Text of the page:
Season 2023 – Talk 02.3 – The Camel
In The Camel Richard Thomas tells us about the importance of the ‘Ship of the Desert’ throughout history.
Click a thumbnail below to view the image gallery that accompanies the talk.
The Ship of the Desert :
The camel has shipped slaves, salt and gold across the Sahara desert and shipped spices from Asia for many centuries.
The Silk Roads, which run from Central Asia to places on the eastern edge of Europe, are around 4,000 miles long. These routes joined China and Europe in trade using the Asian two humped Bactrian camels.
A camel train might have a thousand camels, walking 25 miles a day, each carrying over 300 pounds in weight with a round trip often taking over a year.
Camels, rather than the much more elegant, but less tough horse, are useful in hot desert conditions like the Sahara, the Middle East, and the deserts of Central Asia.
94% of camels are the one hump dromedary whilst the other 6% are the Bactrian. Both can be domesticated, but it’s the dromedary whose role in history that Richard focuses on.
They can live to 40 or 50 years and have a top speed of around 40 miles an hour. A camel can drink 200 litres of water in 3 minutes and then go without water for 10 days. Their humps aren’t like tanks with water sloshing around, they’re fatty tissue which, when it’s metabolized, releases water.
Their thick coat protects them from extreme heat and cold, their outer hair is fairly waterproof and can and is used for tents, clothing, bedding and blankets. Richard has a camel hair blanket that he brought back from Oman. It’s not very comfortable for sitting on, but it’s alright in the garden.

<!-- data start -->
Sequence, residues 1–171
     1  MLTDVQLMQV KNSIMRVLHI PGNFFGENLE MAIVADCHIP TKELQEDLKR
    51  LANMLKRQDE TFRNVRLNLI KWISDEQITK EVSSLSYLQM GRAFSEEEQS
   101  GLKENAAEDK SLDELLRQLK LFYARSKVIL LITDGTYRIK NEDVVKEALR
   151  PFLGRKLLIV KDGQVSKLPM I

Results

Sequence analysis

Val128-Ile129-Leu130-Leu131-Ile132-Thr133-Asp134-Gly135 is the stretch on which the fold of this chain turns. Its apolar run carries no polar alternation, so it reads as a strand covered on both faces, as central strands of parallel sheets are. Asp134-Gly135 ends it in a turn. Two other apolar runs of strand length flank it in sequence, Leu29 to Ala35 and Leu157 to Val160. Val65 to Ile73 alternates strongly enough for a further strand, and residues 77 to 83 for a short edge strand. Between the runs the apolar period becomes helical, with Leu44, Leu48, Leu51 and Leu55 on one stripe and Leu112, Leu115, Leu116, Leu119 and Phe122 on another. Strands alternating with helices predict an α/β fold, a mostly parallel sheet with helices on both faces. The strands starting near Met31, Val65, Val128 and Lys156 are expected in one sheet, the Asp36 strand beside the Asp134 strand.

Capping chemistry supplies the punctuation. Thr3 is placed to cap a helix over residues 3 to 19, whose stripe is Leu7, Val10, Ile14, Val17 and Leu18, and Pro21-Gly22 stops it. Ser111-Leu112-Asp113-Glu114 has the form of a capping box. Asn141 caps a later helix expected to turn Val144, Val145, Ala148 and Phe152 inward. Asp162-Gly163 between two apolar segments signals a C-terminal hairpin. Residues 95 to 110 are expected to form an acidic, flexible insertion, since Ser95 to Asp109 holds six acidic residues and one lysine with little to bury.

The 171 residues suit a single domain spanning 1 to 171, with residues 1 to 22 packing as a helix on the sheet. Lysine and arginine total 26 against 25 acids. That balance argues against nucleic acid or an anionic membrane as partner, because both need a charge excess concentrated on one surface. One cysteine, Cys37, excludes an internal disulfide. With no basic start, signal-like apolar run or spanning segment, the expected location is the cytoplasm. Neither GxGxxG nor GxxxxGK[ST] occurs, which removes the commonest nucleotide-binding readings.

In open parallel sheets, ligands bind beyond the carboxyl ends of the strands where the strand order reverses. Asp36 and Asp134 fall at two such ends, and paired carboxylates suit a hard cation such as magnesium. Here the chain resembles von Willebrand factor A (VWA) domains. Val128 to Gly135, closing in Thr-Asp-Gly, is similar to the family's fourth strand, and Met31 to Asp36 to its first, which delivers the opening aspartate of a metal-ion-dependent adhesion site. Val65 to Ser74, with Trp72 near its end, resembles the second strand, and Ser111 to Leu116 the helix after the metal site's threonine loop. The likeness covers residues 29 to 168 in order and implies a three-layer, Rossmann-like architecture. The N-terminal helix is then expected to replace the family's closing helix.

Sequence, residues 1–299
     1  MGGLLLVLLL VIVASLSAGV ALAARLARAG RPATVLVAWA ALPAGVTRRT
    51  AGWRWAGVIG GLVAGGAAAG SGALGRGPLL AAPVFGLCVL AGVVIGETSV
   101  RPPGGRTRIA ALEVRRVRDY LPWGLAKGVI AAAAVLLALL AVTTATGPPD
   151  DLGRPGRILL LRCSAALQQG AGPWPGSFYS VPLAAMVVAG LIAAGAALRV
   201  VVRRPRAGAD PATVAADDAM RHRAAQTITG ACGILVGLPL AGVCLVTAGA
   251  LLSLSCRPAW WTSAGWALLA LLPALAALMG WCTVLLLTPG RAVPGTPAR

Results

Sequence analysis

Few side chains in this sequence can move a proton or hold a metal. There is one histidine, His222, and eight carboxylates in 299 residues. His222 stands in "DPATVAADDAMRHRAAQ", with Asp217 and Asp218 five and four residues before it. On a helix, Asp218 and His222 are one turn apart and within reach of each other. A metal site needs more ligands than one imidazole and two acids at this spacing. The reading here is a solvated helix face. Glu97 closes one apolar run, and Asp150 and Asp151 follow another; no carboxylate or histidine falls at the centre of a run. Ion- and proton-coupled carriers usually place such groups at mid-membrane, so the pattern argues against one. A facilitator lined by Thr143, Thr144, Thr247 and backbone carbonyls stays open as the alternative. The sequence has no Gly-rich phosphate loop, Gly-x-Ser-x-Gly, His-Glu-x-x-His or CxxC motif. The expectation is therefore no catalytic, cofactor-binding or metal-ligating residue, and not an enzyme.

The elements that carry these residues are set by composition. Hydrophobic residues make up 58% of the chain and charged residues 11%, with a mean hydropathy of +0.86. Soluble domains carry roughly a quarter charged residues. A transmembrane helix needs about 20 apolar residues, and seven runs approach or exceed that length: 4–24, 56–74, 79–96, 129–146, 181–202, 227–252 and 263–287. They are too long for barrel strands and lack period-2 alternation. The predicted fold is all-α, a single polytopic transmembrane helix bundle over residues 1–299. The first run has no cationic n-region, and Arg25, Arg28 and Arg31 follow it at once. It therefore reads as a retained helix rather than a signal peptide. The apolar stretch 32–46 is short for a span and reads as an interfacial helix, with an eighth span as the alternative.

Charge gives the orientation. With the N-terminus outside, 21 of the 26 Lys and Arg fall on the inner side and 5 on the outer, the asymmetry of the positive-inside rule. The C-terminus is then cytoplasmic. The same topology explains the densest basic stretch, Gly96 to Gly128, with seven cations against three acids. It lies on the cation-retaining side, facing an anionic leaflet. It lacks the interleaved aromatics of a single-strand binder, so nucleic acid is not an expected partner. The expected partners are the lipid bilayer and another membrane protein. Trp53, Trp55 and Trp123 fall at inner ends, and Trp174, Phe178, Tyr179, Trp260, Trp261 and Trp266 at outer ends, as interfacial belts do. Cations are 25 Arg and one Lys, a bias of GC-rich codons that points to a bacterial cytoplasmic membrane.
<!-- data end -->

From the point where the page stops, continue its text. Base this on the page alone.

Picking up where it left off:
The finer inner hair can be used for clothing and was quite popular in the West in the 18th and 19th centuries.
Where do I find them?
Most camels operate in the desert strip across the middle of the globe. Estimates suggest there are over six million in Somalia where they’re the main form of transport, a further 3 million in Sudan and a million in Australia where they went there for use as transport across the desert in the 19th century.
Listen to the podcast and hear Richard tell the whole story.
About this podcast:
This is an edited recording of a talk given to the Farnham u3a World History Group .
It is not always possible to use all of the images presented in the original talk because of copyright reasons.
AKM Music licenses Media Magazine for use the music in this talk.
© The MrT Podcast Studio and Farnham u3a World History Group 2018 – 2023